I accidentally executed rm /* while logged in as root in a remote Ubuntu Server and deleted pretty much all binaries and currently I can neither log in via ssh or ftp to restore the files (and hope for the best).

Is there a way to somehow fix this mess, or should I call the datacenter and ask for a format?

  • 2
    Can you confirm whether this is a physical or virtual server? Also whether you ran the -r argument to rm or really just did the command you show. Does your hosting provider provide any way to access the disk images outside of that particular machine?
    – Caleb
    Commented Aug 9, 2011 at 16:37

4 Answers 4


rm /* should delete very little. There is no -r flag in there that would recursively delete anything, and without it directories will not be deleted (and even if directories were deleted, only empty ones can be deleted). This answer is predicated on the assumption that you did not run rm -rf /*.

The only files in the root filesystem of consequence may be the symlinks to the kernel and initrd (although on one Ubuntu system I'm looking at, they don't exist) or a /lib64 symlink on 64-bit systems.

The problem may just be that the /lib64 -> /lib symlink has been deleted. That's pretty nasty though, as just about every program will rely on that symlink:

$ ldd /bin/bash
    /lib64/ld-linux-x86-64.so.2 (0x00007f8946ab7000)

That ld-linux is the dynamic loader, and if it is not available, you cannot run any dynamic executables. This will make it extremely difficult to log in, and you may not be able to at all.

One saviour may be busybox. Run this to check:

$ ldd /bin/busybox
    not a dynamic executable

In this case, busybox should be runnable, but the question is how can you run it?

If you have access to the boot loader prompt, you may be able to boot with init=/bin/static-sh, where static-sh is a symlink to busybox (check that /bin/static-sh exists - it does on my system, but it's not standard Ubuntu. This bug suggests that is is available.)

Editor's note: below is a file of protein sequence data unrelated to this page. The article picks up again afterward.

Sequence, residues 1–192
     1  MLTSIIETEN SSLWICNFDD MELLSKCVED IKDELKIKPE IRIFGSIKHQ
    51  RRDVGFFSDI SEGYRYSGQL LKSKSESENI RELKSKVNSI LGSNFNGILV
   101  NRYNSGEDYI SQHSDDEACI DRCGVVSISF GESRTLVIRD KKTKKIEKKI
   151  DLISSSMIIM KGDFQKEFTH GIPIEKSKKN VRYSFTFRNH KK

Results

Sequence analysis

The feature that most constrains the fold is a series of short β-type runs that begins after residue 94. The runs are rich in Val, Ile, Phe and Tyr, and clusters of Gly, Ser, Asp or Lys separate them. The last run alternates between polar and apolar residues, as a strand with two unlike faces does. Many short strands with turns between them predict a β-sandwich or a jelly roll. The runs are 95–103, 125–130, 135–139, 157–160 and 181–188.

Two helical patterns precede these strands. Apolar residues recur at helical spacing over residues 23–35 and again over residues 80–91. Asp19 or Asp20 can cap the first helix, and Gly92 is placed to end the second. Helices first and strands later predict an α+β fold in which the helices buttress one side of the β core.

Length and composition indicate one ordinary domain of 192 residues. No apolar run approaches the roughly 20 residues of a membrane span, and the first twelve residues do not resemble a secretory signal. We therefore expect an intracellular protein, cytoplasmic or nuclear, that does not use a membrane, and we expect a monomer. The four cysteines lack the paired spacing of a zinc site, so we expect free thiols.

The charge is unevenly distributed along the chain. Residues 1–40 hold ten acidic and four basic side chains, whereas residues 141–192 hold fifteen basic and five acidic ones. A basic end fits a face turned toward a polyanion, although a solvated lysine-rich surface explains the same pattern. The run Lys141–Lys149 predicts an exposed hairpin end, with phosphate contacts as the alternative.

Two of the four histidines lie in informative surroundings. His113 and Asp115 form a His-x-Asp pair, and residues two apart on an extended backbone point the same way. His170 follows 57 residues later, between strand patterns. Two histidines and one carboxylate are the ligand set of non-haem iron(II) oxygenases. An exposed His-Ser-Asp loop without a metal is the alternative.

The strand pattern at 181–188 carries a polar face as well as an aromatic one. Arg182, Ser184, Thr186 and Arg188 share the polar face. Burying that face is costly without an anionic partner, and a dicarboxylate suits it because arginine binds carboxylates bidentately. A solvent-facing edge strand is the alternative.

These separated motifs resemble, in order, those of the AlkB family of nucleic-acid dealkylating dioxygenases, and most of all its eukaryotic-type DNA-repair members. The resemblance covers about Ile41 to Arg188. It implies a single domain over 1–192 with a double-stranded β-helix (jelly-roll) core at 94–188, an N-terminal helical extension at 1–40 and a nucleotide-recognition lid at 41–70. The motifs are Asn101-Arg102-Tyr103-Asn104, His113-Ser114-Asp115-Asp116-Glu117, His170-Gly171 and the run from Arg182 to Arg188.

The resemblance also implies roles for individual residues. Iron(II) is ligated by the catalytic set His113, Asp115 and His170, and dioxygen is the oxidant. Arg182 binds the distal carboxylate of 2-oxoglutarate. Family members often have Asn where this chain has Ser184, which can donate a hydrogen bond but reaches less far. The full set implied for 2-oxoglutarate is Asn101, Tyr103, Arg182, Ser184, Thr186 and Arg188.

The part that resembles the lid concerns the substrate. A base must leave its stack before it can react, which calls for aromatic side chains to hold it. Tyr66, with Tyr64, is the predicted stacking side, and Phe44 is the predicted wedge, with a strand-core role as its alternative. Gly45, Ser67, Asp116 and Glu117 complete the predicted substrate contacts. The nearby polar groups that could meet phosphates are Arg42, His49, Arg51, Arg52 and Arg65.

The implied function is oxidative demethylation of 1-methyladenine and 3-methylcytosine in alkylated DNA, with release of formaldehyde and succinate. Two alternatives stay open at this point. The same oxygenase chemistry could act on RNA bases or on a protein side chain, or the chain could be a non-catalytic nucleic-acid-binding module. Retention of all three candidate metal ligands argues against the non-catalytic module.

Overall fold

Once you have a root shell, you can re-create the /lib64 symlink. You may need to first remount the root filesystem as read/write. busybox should have these tools built in, which you can run as follows:

# busybox mount -o remount,rw /
# busybox ln -s /lib /lib64
# /bin/bash

If bash works, the problem should be fixed.


If you need to recover files from the current install, ask your host to help you. Assuming it's a VM, it takes about five minutes of their day to image your disk, reinstall your host from scratch and dump the old disk image in your new filesystem.

If you don't need anything, just get them to reinstall. Almost always the faster option when you bone things hard.

  • 2
    Concur. If they're a reasonably competent VM hosting service, they should be able to do this. Contact them as quickly as possible to make sure they'll still have a pre-screwup backup. Commented Aug 9, 2011 at 11:03

If you just deleted the /lib64 symlink to /lib and you still have the console open, just do:

/lib/ld-linux-x86-64.so.2 /bin/ln -s /lib /lib64

and you should be able to run commands normally again. Adjust the path to your actual ld library. You can also run any other command you want by just prefacing it with the full ld library path.


Without having access to the physical server there isn't much you can do.

  • So, should I ask for a format then, or is there a way to restore those files without whipping everything else?
    – Ant
    Commented Aug 8, 2011 at 23:50
  • You forget that there is a high probability that this is a virtual server in which case "physical server" doesn't mean much except having access to higher level remote tools.
    – Caleb
    Commented Aug 9, 2011 at 16:36

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